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How to protect yourself against identity theft

What is identity theft?

Your identity and personal information are very valuable assets. It is easy to fall into the trap of thinking that identity theft only affects other people. Identity theft occurs when your personal information is used by someone else without your knowledge.

It may support criminal activity, which could involve fraud, deception, or obtaining benefits and services in your name. This can be done by taking documents from your rubbish or by making contact with you and pretending to be a legitimate organisation.


Three ways to help protect your identity

1. Keep your personal information secure

  • Be extra careful if you live in a property where other people could have access to your mail. If you have concerns, a bank or credit card company could arrange for you to collect valuable items such as new cards or cheque books from a local branch.
  • If you stop receiving mail consider contacting the Royal Mail to check whether a mail redirection order has been made in your name without your knowledge. This is a common tactic employed by fraudsters to gain access to your personal data and possibly your identity. You can contact Royal Mail Customer Enquiry Line on 08457 740 740.
  • Tell your bank, card issuer and all other organisations that you deal with in a timely manner if you move house. Ask the Royal Mail to redirect any mail from your old address to your new one for a suitable period of time.
  • Regularly obtain a copy of your personal credit file from a credit reference agency to see which financial organisations have accessed your details. This is a good way to spot any signs someone may be fraudulently using your identity to apply for services.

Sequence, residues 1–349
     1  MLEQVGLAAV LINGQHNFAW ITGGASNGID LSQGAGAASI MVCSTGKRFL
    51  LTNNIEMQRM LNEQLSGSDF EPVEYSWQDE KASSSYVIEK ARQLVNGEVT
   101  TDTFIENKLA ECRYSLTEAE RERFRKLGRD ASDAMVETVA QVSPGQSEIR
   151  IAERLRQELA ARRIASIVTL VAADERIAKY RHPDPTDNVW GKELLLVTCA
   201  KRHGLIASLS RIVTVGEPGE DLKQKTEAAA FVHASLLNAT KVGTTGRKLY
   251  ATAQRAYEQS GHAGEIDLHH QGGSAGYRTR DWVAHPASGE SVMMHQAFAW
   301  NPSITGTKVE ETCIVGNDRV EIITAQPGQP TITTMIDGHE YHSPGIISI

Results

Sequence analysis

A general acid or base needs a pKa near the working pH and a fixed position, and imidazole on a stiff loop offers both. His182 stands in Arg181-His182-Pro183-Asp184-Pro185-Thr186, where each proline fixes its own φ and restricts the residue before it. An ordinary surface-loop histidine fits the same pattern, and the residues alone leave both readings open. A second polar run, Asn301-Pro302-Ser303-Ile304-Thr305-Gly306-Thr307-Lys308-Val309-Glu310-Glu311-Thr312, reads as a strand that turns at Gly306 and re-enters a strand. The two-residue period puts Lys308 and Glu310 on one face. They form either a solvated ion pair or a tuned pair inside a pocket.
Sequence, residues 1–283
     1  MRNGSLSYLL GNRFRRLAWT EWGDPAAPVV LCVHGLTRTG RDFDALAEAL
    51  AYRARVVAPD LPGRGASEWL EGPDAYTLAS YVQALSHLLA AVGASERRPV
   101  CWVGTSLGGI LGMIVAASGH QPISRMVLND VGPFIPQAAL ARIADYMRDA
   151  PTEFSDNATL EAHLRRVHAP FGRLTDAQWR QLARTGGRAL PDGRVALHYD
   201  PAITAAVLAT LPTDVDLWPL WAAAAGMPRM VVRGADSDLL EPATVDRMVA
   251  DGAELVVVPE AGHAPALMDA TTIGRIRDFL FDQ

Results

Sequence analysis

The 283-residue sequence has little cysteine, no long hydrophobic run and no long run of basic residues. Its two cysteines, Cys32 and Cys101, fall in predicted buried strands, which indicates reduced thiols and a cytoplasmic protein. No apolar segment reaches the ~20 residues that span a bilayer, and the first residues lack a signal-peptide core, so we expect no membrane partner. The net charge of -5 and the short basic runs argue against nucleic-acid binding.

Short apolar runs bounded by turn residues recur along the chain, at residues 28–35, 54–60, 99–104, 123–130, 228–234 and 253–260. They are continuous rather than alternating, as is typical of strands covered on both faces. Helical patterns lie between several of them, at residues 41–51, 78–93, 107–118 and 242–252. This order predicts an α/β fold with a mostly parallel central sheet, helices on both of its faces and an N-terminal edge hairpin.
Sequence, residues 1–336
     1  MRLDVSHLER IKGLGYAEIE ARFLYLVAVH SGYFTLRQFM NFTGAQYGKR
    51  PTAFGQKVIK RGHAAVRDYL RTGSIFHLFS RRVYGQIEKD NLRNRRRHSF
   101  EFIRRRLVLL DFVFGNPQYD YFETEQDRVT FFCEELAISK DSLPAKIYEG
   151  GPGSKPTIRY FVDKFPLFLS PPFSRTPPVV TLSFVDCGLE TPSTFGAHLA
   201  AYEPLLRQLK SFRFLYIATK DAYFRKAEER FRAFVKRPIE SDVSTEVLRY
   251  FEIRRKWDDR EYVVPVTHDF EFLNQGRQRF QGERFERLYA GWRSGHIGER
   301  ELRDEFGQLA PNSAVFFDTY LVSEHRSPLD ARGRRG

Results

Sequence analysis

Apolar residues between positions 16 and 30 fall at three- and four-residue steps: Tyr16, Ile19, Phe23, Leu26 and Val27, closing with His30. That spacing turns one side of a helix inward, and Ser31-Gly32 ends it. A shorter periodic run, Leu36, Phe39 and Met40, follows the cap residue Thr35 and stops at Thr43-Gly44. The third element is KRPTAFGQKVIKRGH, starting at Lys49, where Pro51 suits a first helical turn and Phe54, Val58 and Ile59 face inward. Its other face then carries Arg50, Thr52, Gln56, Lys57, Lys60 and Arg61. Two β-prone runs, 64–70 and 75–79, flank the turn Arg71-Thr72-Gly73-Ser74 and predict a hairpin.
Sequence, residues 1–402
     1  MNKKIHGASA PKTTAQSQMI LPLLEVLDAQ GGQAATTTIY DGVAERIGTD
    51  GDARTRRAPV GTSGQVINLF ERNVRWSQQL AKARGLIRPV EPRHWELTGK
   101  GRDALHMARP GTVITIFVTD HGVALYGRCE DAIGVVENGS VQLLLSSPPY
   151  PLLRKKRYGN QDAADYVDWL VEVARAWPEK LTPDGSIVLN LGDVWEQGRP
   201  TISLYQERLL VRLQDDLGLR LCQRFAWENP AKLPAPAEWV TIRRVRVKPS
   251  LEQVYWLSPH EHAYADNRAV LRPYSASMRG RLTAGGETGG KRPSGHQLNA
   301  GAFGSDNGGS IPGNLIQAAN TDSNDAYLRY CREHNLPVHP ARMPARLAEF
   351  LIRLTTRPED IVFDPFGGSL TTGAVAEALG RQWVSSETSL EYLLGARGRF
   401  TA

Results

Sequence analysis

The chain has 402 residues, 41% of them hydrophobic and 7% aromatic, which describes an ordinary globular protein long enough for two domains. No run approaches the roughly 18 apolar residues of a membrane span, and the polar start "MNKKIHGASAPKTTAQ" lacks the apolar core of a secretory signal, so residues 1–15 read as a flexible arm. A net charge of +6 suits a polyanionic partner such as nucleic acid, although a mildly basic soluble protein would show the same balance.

2. Keep your documents safe

  • Storing documents - Keep your personal documents in a safe place, preferably in a lockable drawer or cabinet at home. Consider storing valuable financial documents such as share certificates with your bank.
  • Lost documents - If a valuable document such as your passport or driving licence has been lost or stolen contact the issuing organisation immediately.
  • Disposing of documents - Don't throw away entire bills, receipts, credit or debit-card slips, bank statements or even unwanted post in your name. Destroy unwanted documents, preferably by using a shredder.
  • Check your documents - Check statements as soon as they arrive. If any unfamiliar transactions are listed, contact the company concerned immediately.

3. Keep your passwords and PINs safe

Never give personal or account details to anyone who contacts you unexpectedly. Be suspicious even if they claim to be from a well-known organisation such as your bank or the police. Ask for their phone number, check it is genuine and, if so, call them back. Be wary that some scam callers will stay on the phone line and not hang up. To avoid being caught by this make the call back using a different phone to the one you received the call on. If you cannot access another phone, hang up and wait for at least five minutes before you dial out or, alternatively, call a friend or another known phone number to check the phone line is clear before making another call. Remember, Invesco Perpetual will never call you unexpectedly and we will never ask for your PIN or your full password. Keep them secure.